And the mixed multitude that was among them fell a lusting: and the children of Israel also wept again, and said…
See the wantonness and delicacy of sinful flesh, it must have this, it must have that to pamper and feed it in pleasure. What may be had is loathed, and what cannot be had, that is longed for, and nothing more than that. But very wisely doth the heathen Aristotle advise all men to look upon pleasures when they go, not when they come; for when they come with their faces towards us, they deceive us with a fair flattering show, but when they go and turn their backs, then cometh repentance, woe, and grief, not a little, many times. Just as the Spirit of God saith by the mouth of Solomon, "Even in laughing the heart is sorrowful, and the end of that mirth is heaviness"; that is, the allurement unto sin seemeth sweet, but the end thereof is destruction. Wanton pleasure is like the fire or flame of the candle, which shining bright delighteth a child, but when he hath put his finger into it, then it burneth, and the child crieth. By little and little groweth grief, but in the end it killeth, so stealingly pleasure creepeth upon us, but in the end overthroweth all love of virtue. Wilt thou live in a right fashion? Who would not? Then if virtue only can grant this to thee, stout and strong, tend this and omit pleasures. For they that will well defend a city, do not only watch what foes be without, but as warily they observe that there be no traitors within. So men and women that love virtue, they look to the gates, which are the outward senses, and they look within, to the inward affections, lest by the one, as by wickets, evil enter, lest by the other, as by torches lighted, fires and flames do follow. The epicure said to himself, "Eat, drink, play, for there is no pleasure after death." But well doth the poet before mentioned in an epistle tax him, saying, "Thou hast played enough, thou hast eaten enough and drank, it is time for thee now to go hence." As if he had said, "Part thou must in time with all thy pleasures and be gone, therefore think of it ere it be too late." Sardanapalus is said to have caused to be written on his grave to this effect: "What I did eat that I had, and what I left, that I lost." Which Cicero justly reprehendeth, saying, "What else should a man hath written upon an ex his grave? Pleasure infecteth and poisoneth all our senses, being a trim but a deceiving harlot; deceiving us by her voice, by her look, and by her attire, that is, every way." How many hath gluttony and the belly, how many hath filthy lust destroyed!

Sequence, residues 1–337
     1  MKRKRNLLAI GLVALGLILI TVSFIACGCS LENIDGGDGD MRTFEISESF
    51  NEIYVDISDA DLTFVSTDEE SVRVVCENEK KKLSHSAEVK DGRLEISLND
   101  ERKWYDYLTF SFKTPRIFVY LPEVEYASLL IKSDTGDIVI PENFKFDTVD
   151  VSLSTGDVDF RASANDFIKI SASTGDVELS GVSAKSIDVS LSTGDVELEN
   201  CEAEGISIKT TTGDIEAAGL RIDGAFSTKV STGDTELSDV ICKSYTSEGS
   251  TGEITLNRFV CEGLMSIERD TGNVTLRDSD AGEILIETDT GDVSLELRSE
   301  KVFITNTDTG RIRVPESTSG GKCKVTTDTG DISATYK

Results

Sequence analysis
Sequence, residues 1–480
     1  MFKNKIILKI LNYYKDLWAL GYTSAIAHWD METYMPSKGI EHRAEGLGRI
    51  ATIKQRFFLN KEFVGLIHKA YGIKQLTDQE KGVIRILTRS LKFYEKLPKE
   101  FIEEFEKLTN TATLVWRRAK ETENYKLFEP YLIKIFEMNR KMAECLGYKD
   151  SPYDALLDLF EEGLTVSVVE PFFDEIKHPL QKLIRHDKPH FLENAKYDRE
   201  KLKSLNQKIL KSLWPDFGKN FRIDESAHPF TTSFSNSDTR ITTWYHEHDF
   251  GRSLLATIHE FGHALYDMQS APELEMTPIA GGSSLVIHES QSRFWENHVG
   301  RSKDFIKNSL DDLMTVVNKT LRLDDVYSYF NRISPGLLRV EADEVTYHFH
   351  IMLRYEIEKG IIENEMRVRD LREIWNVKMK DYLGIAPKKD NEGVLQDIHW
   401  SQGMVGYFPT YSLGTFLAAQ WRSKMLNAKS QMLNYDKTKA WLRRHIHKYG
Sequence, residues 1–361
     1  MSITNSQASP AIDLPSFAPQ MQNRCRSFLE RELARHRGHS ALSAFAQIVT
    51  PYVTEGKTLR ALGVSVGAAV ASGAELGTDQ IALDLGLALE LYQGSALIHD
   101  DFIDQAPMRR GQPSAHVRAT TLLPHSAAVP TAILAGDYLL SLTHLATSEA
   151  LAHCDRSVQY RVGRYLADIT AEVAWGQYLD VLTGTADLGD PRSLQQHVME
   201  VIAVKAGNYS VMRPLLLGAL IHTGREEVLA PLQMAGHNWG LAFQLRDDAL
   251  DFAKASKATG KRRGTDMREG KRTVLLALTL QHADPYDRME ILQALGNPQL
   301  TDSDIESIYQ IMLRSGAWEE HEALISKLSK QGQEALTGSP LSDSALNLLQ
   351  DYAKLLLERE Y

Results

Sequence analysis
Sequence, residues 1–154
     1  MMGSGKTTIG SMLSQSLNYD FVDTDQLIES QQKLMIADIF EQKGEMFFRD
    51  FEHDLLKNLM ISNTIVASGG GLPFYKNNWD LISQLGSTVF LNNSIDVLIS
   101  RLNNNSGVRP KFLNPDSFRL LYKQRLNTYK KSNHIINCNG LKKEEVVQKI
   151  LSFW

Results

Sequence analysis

Parallel VersesKJV: And the mixt multitude that was among them fell a lusting: and the children of Israel also wept again, and said, Who shall give us flesh to eat?